A recent piece in The Economist highlighted the recent strength of agriculture prices in the face of the downturn, and the reason for it.
How could this be? Aren’t we in a Depression? Perhaps, but supply has come offline in a big way, while demand has remained strong. As the Economist piece points out: “No matter how bad things get, people still need to eat.”
It’s looking like, though there were many bubbles in 2008, China’s food consumption was not one of them. Back to the article, with some staggering numbers:
China’s role has been profound, reflecting its enormous economic progress and huge population. In the past decade, says Carlo Caiani of Caiani & Company, an investment-advisory firm based in Melbourne, the consumption of milk has grown seven-fold, and that of olive oil six-fold. China is consuming twice as much vegetable oil (instead of less healthy pork fat), 60% more poultry, 30% more beef and 25% more wheat, and these are merely the obvious foods. Scores of niches have expanded dramatically: people are drinking four times as much wine, for example.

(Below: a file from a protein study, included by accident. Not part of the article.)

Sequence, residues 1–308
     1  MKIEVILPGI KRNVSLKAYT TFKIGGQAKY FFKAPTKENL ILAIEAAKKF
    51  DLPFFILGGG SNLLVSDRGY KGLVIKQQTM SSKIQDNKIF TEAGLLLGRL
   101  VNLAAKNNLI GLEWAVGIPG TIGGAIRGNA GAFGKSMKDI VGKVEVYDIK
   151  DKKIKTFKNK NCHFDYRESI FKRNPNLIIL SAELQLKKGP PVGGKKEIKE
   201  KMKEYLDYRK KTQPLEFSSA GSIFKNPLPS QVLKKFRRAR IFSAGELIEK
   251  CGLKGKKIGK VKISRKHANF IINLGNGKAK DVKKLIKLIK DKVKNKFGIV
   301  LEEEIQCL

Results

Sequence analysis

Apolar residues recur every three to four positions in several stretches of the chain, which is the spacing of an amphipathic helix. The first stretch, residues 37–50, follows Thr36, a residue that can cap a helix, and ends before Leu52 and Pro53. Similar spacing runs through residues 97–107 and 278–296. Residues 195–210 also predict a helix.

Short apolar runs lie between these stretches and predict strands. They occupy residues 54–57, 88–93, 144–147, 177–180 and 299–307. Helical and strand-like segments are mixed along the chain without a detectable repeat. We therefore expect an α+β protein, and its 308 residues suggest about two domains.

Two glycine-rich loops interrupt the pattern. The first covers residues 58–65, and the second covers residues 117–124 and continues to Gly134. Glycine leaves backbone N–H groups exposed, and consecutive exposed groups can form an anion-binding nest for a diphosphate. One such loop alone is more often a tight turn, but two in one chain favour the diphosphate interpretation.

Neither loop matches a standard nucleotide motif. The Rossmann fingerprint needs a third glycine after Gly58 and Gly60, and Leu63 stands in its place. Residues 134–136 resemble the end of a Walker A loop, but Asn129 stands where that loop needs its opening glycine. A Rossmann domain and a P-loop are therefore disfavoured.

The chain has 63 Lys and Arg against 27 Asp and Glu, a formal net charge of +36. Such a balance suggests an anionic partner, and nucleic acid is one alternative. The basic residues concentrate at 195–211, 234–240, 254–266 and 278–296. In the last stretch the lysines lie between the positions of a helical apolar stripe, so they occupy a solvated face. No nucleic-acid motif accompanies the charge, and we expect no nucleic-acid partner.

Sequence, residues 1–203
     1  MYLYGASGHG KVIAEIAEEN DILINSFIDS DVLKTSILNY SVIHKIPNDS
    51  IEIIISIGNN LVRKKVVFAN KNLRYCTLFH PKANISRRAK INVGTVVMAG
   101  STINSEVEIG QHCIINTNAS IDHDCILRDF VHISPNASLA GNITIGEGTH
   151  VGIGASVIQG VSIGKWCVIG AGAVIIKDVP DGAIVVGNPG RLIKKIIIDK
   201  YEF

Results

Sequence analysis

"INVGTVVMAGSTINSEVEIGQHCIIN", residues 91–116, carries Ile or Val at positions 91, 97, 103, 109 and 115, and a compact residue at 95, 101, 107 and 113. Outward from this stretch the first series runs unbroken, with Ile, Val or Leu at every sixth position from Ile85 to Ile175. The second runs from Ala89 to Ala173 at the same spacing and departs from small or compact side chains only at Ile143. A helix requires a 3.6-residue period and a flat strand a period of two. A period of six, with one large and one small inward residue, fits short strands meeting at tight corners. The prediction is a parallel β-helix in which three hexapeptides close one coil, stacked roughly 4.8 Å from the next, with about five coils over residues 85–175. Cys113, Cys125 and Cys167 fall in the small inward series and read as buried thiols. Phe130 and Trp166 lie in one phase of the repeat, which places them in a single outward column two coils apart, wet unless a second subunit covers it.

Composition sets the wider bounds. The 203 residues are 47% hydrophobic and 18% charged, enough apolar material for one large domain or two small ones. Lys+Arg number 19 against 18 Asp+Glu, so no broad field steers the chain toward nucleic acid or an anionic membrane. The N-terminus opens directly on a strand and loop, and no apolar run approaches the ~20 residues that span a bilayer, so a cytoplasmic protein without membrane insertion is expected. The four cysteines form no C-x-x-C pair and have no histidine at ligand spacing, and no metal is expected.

And yet even with all this growth, people in China still, on average, consume only one-third as much milk and meat as people in wealthy countries such as Australia, America and Britain. The gap is even larger with India, which is also growing fast. Overall, protein intake in Europe and America is unlikely to expand much, but a combination of rising incomes and population in developing countries could increase demand by more than 5% annually for years to come. “Once people are accustomed to eating more protein, they won’t take it out of their diet,” says Mr Caiani.
And remember, many food stock levels are at historic lows. Unless new supply comes online soon – and I don’t know where that supply is going to come from – we could be in for a whale of a rally in food.
Further reading about investment opportunities in agriculture: